Young people in hidden situations, known as hikikomori in Japan (74), are commonly described as having retreated from social participations and connections, including school or work, for at least 6 months (74–76). As suggested by Saito (74), it might not be suitable to attribute youths’ hidden situations to mental illnesses. Although this group of youth is related to NEET (11), they are different from Otaku who are referred to as “notoriously obsessive fans of manga, anime, video games, and other forms of Japanese popular culture” (11, 12). When the phenomenon was uncovered in Hong Kong in 2004, the definitions of these youths were generally similar (77). According to Wong and Ying (12), the hidden situations of these youths are provoked by the inability to fit into the education system or labor market, leading to a lack of social status and becoming Three-lows. Regarding their characteristics, there exist two perspectives of illustrations, namely, the clinical perspective and the nonclinical perspective (77). Scholars supporting the clinical perspective stated that being hidden was associated with psychiatric disorders such as Internet addiction (78), social anxiety (79, 80), autism (81), schizophrenia, and affective disorder (82), while those supporting the nonclinical side held that the culture of society (e.g., rigid expectations on youth regarding their school-to-work transitions, rigid employment practices to which young people find it difficult to conform) [e.g., Refs. (13, 14, 83)] was an important cause of being hidden. Although there are notions that hikikomori or youths in hidden situations lack the ability to maintain a long-term job (84) due to their fear of encountering failures (85), it is also possible that young people actively withdraw because they perceive a mismatch with the employment structure and mainstream standards in society [e.g., Ref. (86)].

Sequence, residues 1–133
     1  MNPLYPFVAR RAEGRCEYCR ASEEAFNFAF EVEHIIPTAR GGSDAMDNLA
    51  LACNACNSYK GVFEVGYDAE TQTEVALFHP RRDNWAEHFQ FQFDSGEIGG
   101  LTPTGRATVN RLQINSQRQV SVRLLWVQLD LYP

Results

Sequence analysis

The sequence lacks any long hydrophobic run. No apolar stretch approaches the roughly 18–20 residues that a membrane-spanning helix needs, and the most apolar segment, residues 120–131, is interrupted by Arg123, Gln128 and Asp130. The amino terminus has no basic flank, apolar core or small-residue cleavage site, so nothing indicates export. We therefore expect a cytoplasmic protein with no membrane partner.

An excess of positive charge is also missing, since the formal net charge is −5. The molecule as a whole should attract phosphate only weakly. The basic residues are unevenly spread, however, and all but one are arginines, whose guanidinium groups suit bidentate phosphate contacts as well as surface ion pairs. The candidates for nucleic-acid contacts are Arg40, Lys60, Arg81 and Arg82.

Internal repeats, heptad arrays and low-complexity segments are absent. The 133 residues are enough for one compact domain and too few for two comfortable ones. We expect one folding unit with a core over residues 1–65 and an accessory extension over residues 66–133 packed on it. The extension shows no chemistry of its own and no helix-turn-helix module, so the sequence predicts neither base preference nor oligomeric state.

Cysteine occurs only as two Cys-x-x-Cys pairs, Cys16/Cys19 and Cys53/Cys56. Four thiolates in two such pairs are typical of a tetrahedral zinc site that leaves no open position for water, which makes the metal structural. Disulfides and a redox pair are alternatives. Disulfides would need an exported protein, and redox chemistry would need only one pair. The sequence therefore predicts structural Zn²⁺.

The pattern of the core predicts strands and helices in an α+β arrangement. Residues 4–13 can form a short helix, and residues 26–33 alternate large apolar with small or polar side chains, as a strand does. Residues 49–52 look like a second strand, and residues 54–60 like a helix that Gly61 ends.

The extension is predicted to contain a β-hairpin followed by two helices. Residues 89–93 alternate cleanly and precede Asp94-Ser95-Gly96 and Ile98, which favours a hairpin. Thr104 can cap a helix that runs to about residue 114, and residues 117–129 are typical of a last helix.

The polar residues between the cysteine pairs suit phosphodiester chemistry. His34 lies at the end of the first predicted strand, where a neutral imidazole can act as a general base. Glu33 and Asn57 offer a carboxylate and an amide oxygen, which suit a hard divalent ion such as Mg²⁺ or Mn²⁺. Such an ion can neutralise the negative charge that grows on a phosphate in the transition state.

On the other hand, in Hong Kong and Japan, these youths have been reported as having committed delinquent behavior, such as killing (87) and violence (88). Based on the relationship between employment and delinquent behavior as described previously [e.g., Refs. (63, 66–68)], it implies that youth in hidden situations have a high tendency to engage in delinquent behavior due to their unemployment. However, researchers found that, from previous practice experience with youths in hidden situations, some of these youths engage in home-based work; also, they have low propensity to engage in delinquent behavior. This suggests that these youth are not homogenously jobless and delinquent-prone as portrayed in society. In fact, as society changes, home-based, Internet-based work and freelance work have become increasingly prevalent in contemporary society (19–21). This means that jobs nowadays are no longer restricted to traditional, typical forms of work arrangement (e.g., requiring a workplace outside home) (24, 4). It is plausible for young people in hidden situations to work at home with their computers during prolonged seclusion. Owing to the lack of previous studies that investigate these youths’ employment situations and the subsequent effects on their delinquent behavior, this study aims to fill this research gap. It is expected that this study can 1) de-stigmatize these youth as “lacking social status” and “being unable to work” and 2) refine the meaning of employment so as to respond to the societal changes nowadays.